What is known as 'mood contagion' or 'limbic resonance' interests me from page 17 & continuing into 'mirror neurons' on page 26. I also found chapter three's recognition of know-mind and knowing something easy to relate to. I had found these from personal observation before knowing what to call them! I found the Buddha's words that open chapter 19 a helpful reminder. The chapter on concentration explains my pre-Buddhist practice/study abilities quite well.
I did find it difficult to jump from one mode of Buddhism to another so frequently - but that is me at fault and not the text. When first exploring Buddhism, I liked to read of all types, until settling into Thai Forrest and Tibetan Vajrayana. Then I became absorbed in these, and other forms slipped out of sight as I focused on what I personally round helpful and relevant. So this text reminded me that Dzogchen-Nyingma is not the only Buddhist practice and reacquainted me with other forms of Buddhism. However, I do find this difficult, as in its modern Western format Buddhism can be all mish-mashed together and not really retain the essence of any specific practice.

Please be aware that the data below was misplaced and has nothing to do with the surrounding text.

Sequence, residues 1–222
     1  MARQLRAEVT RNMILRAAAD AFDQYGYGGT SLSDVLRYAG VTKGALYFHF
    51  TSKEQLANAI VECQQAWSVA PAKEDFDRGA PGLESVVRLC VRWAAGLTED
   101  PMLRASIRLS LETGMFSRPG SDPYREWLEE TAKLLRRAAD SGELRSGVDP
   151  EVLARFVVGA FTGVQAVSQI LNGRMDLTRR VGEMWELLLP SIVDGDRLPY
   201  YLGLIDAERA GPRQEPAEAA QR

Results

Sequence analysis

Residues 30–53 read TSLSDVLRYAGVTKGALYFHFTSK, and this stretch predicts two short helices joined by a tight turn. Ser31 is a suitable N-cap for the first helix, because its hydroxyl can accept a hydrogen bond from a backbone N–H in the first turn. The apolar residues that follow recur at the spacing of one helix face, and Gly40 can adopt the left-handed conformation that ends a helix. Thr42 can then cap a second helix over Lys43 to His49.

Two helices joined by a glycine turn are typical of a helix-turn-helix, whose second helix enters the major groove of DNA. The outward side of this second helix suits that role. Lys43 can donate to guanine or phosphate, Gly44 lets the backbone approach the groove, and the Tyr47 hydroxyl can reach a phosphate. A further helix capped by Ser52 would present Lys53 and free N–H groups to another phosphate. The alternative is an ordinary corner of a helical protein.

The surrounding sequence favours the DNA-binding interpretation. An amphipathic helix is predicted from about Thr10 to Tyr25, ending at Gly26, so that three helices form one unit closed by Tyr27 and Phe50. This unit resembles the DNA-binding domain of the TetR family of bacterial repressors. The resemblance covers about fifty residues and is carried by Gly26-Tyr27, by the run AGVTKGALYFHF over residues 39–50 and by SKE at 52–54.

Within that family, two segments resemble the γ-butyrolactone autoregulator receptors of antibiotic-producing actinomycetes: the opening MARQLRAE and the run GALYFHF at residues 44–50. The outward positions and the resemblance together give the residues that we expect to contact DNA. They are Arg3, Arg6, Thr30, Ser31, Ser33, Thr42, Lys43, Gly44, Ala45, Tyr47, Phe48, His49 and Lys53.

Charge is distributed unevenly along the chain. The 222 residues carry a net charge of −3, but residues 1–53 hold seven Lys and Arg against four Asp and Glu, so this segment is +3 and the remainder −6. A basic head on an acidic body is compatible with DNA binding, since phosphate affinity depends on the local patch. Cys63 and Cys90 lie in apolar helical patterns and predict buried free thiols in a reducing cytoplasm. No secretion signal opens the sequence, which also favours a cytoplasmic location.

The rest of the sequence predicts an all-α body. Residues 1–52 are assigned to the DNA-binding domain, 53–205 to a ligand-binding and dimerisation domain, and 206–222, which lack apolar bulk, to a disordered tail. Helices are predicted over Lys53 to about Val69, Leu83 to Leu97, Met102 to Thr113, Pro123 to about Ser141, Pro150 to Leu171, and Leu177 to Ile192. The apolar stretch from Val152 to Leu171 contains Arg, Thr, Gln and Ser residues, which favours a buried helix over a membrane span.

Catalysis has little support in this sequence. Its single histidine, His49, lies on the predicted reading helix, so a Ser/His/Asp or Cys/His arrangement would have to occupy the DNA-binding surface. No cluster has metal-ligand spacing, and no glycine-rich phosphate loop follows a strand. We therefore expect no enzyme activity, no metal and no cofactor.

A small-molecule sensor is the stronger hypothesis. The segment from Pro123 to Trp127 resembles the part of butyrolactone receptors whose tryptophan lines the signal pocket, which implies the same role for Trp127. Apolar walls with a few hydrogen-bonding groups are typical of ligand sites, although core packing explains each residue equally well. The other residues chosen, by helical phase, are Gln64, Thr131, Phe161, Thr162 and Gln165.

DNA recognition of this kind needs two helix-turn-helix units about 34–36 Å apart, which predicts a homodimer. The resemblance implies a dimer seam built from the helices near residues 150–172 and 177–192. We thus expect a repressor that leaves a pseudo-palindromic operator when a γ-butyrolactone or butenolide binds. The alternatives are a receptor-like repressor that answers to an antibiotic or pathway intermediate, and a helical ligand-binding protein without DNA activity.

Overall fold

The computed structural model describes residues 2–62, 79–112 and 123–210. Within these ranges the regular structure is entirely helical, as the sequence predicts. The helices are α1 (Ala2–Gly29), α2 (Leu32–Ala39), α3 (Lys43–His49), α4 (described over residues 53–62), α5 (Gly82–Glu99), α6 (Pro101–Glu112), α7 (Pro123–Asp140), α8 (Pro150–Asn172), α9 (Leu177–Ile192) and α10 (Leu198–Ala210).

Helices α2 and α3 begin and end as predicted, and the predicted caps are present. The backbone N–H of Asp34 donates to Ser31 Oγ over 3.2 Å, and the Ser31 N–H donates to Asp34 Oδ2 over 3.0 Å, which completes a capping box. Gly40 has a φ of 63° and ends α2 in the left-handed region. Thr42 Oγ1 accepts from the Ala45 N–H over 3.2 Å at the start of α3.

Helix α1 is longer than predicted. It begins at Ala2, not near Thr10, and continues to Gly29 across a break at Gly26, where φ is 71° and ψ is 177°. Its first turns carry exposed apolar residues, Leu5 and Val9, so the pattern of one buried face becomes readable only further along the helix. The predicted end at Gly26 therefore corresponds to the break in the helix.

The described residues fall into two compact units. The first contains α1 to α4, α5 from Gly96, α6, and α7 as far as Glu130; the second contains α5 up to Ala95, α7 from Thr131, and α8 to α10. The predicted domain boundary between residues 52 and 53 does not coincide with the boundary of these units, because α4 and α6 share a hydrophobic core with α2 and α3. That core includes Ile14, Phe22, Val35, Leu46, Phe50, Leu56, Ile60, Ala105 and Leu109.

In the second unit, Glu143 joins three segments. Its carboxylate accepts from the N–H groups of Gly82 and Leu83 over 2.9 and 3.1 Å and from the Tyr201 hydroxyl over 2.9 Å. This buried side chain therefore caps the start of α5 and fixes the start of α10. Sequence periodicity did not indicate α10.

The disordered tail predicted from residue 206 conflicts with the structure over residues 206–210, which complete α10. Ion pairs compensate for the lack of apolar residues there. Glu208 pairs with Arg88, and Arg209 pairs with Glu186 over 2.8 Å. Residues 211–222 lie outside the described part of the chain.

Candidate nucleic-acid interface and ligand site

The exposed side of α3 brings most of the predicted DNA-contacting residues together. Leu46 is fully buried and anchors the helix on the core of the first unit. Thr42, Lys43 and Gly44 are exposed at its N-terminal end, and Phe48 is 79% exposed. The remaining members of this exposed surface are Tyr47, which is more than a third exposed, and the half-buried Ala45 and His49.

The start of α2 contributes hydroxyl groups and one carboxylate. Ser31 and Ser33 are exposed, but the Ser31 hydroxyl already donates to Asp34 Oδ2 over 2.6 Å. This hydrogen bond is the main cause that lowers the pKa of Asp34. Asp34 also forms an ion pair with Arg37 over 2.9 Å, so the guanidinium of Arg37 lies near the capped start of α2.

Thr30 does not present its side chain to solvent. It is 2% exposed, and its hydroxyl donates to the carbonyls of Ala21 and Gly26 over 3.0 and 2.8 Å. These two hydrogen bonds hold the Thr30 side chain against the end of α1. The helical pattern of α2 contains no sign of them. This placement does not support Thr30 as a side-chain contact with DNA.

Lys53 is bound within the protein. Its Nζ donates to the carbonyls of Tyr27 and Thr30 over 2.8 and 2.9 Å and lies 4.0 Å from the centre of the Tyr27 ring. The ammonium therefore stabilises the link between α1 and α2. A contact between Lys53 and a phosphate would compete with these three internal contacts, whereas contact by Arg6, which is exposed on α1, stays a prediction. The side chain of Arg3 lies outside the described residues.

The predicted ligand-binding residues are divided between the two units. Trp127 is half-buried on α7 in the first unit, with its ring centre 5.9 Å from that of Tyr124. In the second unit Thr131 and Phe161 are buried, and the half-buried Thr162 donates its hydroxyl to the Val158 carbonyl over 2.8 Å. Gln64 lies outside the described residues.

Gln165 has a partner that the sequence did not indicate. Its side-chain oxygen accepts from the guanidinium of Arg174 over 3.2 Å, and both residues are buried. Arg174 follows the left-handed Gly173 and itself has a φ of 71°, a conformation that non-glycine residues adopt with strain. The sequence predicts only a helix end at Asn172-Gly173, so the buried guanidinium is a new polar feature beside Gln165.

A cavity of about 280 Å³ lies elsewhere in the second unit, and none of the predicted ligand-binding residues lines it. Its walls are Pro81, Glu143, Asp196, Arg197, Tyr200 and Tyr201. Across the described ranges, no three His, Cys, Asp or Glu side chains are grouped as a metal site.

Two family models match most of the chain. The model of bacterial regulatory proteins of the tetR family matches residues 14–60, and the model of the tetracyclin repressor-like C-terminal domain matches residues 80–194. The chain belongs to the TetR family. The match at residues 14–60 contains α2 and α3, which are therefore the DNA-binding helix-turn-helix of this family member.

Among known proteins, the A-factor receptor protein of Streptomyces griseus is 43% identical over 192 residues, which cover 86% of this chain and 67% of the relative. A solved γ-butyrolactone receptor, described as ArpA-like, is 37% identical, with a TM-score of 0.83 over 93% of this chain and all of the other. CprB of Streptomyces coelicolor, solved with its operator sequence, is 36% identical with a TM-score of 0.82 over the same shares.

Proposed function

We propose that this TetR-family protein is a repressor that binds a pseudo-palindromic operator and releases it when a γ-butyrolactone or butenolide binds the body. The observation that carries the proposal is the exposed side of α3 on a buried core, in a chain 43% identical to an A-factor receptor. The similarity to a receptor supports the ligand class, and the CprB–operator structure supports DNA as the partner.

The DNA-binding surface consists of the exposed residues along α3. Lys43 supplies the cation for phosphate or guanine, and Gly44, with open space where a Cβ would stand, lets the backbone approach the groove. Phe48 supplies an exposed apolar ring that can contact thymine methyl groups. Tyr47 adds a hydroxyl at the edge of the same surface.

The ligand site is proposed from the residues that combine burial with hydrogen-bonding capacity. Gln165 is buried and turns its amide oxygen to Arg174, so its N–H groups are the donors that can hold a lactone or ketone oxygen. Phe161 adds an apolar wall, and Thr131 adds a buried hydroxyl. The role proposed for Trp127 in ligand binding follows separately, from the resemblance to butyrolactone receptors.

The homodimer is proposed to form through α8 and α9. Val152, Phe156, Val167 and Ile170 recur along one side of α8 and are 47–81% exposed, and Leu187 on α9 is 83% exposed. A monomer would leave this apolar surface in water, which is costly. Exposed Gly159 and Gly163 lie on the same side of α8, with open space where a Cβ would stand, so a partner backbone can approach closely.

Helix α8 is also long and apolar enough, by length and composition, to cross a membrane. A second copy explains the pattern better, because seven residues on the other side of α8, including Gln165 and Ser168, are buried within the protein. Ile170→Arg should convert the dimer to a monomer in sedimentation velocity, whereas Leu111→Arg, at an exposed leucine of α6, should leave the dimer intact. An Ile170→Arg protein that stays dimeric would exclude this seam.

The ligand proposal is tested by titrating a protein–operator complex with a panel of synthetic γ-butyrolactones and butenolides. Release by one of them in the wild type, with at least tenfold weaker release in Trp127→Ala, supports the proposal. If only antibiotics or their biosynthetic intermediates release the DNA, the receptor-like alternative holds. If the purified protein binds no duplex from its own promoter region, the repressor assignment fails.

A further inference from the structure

I would recommend this book to those interested in psychology from a Buddhist aspect, but not to serious students of a specific lineage or practice. I would also recommend the book to those interested in Buddhism but not yet involved with a personal study.